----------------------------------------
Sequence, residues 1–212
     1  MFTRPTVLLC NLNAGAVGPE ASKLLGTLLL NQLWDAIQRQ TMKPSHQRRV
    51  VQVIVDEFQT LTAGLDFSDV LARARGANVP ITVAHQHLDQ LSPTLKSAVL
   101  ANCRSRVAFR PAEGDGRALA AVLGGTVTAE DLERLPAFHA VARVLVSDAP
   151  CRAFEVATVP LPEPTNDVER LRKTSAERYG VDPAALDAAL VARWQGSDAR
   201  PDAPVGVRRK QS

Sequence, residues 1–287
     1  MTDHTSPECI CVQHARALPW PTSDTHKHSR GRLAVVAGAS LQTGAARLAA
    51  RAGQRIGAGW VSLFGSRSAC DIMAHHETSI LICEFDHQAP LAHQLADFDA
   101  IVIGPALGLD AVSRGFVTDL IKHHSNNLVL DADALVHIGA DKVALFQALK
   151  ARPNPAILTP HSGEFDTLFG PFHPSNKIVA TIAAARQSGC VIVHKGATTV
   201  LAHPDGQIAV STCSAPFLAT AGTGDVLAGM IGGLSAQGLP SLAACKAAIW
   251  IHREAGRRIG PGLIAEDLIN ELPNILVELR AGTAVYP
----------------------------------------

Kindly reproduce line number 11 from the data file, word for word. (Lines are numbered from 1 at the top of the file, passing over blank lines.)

   151  ARPNPAILTP HSGEFDTLFG PFHPSNKIVA TIAAARQSGC VIVHKGATTV